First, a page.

Revised State Assembly districting plan released

By Jennifer Coleman Associated Press Writer
Monday September 10, 2001

SACRAMENTO – Assembly Democrats unveiled a revised plan for new districts Saturday, tweaking several key districts in response to last week’s hearings. 

Lawmakers were further from agreement on how to shape new districts for the state Senate and California’s congressional delegation. 

Kam Kuwata, a spokesman for Assembly Democrats, said the new Assembly maps contained minor changes. 

Lawmakers must redraw the districts every 10 years to keep up with population changes revealed by the federal census. They unveiled redistricting plans for all three bodies last week and then held hearings on the proposals Tuesday and Wednesday. 

During the hearings, which included televised testimony from around the state, groups representing Hispanics, Asians, women, environmentalists and regions said the plans slighted their interests. 

Republican Assembly spokesman Jamie Fisfis said the new plans were “closer to what they’ll be when they’re finalized.” 

The 77th district, currently represented by Assemblyman Jay La Suer, R-La Mesa, gained a few more Republican voters in the latest proposal, growing from 44 percent Republican to more than 46 percent. Democrats would make up about 32 percent of that district, down from 34 percent in the first plan. 

A nearly even split among Democrats and Republicans in the first proposal for the 78th District in San Diego was also redrawn. The move shifts more support to Democrats in the district currently represented by Howard Wayne, a Democrat.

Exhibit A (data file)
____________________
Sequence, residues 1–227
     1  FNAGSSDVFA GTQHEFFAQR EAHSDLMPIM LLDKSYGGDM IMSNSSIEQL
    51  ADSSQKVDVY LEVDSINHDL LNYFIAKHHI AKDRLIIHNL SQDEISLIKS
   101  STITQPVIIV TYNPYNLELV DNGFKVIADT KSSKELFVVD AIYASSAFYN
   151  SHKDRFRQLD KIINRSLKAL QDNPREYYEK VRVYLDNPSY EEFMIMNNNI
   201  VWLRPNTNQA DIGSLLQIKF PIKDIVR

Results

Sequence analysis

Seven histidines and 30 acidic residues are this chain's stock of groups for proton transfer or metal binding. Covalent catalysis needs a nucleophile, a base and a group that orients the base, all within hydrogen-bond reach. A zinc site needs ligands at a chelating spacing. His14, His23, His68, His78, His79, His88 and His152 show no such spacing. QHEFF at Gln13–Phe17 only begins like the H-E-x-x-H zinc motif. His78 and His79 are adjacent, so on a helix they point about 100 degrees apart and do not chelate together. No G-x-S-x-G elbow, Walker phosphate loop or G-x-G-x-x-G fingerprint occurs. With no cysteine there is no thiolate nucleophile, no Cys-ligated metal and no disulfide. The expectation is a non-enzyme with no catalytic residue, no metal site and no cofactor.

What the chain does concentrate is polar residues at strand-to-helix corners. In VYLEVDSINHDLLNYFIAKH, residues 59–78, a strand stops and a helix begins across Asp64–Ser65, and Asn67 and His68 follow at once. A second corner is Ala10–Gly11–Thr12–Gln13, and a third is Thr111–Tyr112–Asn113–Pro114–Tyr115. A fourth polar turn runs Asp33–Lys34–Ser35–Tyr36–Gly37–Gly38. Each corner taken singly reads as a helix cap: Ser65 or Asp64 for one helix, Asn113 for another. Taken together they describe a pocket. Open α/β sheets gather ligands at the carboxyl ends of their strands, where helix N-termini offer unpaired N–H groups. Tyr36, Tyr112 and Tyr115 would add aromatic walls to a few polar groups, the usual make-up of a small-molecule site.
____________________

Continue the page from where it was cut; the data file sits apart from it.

Amadis Velez, redistricting coordinator for the Mexican American Legal Defense and Education Fund, said his group was pleased with changes made to the 49th district, currently represented by Judy Chu, a Democrat from Monterey Park. 

“It’s now very similar to the one that MALDEF originally proposed in July,” he said. The new proposal encompasses about 42 percent Latino voters, up from 37 percent in the first plan. 

However, Velez’s group still plans to contest the proposed lines drawn for Senate and congressional districts, saying Latino communities were “fractured” by the initial plans. 

Kuwata said Assembly Speaker Robert Hertzberg, D-Van Nuys, has been talking to Senate President Pro Tem John Burton, D-San Francisco, about making changes in the Senate lines that would help his members. 

If embattled Rep. Gary Condit, D-Ceres, decides soon to retire instead of run for re-election, it could help resolve some of the criticism of the Senate plan. 

Condit’s departure would clear the way for Assemblyman Dennis Cardoza, D-Atwater, to run for Congress, not the state Senate, and allow legislative leaders to redraw the Senate maps to help another aspiring member of the Assembly. 

Lawmakers are scheduled to adjourn for the year next Friday, but the final session could be extended by majority votes in both houses.